No offence but ‘Muslim brotherhood’ isn’t sufficient
No offence. I do not trust the “the brotherhood of Muslims.”
Even if I trust the Muslims, I do not trust their brotherhood.
When I have covered so much distance and gathered so much experience, and when I have accumulated the science of sociology in my luggage, I cannot possibly entrust either myself or my country to the “brotherhood of Muslims.”
I cannot take the phrase “the brotherhood of Muslims” that Öcalan gave us in his Nevruz address as an assurance and put it in my pocket.
Three meters across our border, it’s Muslims against Muslims. It is a Muslim who kills hundreds of people by sending a suicide bomber against Muslims walking on the street. The world’s most dangerous region is the Middle East, where Muslim is fighting Muslim. It is also Muslims who have partitioned a whole geography as Sunni-Alevi-Shiite, which puts them at each other’s throat.
It was Muslims who attacked the young people at Dicle University recently, while the ones on the other side were also Muslims. The war in our country that has caused the death of 40,000 people in 30 years was also between Muslims.
For this reason, when somebody comes up and mentions “Muslim brotherhood” to me, it sounds good to my ears and my heart, but my logic does not take it.
I want more than this.
- I want a true democracy.
- I long for a democracy where artists are not sent to jail because of a retweet.
- I don’t want my right to live, my lifestyle to be based on what comes out of the lips of two leaders.
- I want the system to protect me, not the “father” president. I see the regulations, laws and a real Constitution as assurances of this.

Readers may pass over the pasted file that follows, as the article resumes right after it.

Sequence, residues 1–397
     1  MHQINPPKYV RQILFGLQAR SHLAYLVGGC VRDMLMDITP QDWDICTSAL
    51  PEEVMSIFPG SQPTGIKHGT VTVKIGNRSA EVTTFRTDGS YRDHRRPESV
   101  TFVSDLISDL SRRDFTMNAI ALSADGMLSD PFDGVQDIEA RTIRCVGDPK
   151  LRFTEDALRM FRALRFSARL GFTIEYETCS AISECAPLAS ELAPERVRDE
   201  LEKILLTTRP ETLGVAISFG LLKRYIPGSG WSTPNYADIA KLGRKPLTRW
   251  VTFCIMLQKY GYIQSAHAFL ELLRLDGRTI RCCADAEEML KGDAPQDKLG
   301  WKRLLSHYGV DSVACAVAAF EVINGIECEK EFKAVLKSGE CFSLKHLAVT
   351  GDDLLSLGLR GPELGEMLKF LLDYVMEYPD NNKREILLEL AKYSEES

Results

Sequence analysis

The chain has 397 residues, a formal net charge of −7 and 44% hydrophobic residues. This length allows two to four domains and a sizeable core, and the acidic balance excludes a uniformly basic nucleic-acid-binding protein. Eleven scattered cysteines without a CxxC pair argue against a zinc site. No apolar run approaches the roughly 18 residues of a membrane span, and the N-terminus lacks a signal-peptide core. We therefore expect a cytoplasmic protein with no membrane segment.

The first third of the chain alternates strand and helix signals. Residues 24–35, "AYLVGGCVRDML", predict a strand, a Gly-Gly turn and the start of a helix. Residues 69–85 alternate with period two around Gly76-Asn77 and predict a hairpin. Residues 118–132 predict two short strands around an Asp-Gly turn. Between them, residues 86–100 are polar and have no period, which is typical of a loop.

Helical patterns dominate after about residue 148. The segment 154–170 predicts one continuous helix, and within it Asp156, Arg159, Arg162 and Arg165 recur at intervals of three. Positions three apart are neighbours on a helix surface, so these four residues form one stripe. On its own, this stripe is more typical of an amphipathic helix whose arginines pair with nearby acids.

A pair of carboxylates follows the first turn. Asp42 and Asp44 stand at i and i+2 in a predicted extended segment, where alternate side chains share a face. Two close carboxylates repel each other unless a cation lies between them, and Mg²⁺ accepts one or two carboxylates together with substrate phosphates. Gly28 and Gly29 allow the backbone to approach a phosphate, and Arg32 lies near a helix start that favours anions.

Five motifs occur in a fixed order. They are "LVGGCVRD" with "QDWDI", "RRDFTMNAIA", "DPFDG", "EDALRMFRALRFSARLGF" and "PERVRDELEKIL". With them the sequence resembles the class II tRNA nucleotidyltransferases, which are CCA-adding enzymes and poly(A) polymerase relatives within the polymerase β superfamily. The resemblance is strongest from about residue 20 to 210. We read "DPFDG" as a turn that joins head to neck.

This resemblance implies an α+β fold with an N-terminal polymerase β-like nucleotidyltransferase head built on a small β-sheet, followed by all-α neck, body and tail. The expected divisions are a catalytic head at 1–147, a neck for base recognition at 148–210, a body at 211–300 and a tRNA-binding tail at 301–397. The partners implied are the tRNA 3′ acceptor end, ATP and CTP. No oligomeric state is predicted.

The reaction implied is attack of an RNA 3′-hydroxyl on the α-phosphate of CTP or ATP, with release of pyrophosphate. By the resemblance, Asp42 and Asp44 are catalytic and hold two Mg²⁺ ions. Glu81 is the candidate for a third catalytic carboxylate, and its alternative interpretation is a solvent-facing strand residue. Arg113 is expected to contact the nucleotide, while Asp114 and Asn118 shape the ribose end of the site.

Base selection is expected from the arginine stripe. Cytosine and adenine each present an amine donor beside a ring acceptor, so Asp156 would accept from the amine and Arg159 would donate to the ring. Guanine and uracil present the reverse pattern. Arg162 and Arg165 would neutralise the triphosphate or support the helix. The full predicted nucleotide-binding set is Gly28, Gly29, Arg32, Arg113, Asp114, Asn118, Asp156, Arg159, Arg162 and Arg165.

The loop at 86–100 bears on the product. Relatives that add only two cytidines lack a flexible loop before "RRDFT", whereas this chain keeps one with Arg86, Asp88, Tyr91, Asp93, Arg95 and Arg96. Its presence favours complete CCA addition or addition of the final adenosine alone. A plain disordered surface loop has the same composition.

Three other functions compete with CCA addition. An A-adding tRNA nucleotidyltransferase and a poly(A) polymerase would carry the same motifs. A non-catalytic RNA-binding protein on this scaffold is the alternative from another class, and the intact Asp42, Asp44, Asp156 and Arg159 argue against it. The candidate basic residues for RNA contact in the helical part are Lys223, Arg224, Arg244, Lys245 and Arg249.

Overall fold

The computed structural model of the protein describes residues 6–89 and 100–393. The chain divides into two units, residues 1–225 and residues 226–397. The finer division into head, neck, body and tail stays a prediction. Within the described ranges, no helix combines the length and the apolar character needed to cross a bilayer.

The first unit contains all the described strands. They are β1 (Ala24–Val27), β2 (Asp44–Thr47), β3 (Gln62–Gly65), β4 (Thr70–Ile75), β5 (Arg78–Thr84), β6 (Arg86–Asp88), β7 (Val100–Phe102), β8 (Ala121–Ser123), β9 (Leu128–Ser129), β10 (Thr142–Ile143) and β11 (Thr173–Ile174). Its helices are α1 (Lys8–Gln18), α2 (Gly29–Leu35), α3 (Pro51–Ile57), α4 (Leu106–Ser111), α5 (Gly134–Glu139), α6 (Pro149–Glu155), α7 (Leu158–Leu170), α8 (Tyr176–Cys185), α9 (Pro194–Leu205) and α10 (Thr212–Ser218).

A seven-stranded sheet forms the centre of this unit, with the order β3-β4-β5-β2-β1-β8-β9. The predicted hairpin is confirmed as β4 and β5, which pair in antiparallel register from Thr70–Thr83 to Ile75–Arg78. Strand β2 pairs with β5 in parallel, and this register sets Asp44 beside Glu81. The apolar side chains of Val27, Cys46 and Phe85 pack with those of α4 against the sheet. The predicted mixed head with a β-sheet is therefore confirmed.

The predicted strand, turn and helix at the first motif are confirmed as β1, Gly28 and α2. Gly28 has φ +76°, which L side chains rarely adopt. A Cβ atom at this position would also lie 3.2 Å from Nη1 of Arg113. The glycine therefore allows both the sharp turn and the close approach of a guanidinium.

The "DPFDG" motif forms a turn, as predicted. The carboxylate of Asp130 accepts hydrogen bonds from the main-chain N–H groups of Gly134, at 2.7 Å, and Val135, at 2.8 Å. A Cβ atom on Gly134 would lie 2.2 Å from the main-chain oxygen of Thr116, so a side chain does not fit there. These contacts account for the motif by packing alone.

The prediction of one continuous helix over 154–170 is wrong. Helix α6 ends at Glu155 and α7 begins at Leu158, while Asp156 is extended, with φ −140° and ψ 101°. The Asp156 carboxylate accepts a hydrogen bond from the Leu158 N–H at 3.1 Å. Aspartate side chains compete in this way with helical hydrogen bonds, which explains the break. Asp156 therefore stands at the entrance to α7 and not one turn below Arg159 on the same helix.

- The affection of the “father president” and his fatherly attitude do not appeal to me.
- I desire the presence of balancing institutions that are capable of stopping the arbitrariness of the powerful, the presence of the rule of law and an impartial state. I want an order where powers are separated not united.
History writes the powerful
One of the scenes engraved in my memory from the 1990s is the breakfast we held at Tansu Çiller’s mansion with Margaret Thatcher. No other female politician in the world has affected me so much.
She was a true “iron lady.” For me, she was the United Kingdom’s most successful prime minister after Churchill. In foreign policy she was powerful, not just leaving the Falkland Islands to Argentina. In domestic politics, she was a master, bringing down the most powerful trade union of coal miners. In the economy, she was successful, making the U.K. go through a liberal revolution after the industrial revolution.
She was admired not only by the British but by all of us.
But, look at her funeral. The U.K. is divided. Almost half the people find the 10 million pounds spent on her funeral as unnecessary. It looks as though there are as many haters of her as lovers.
Time has wiped away the memories of her achievements and in their place her tough stance, her arbitrary behavior, her injustices and disproportional use of force have been highlighted.
History acts in this way.
The authoritarian and arbitrary power is able to silence everybody in their time. They assume that they write history. But when their time passes, history takes the stage. Then it is not the powerful writing history, but rather history writing about the powerful.
Ertuğrul Özkök is a columnist for daily Hürriyet in which this piece was published on April 18. It was translated into English by the Daily News staff.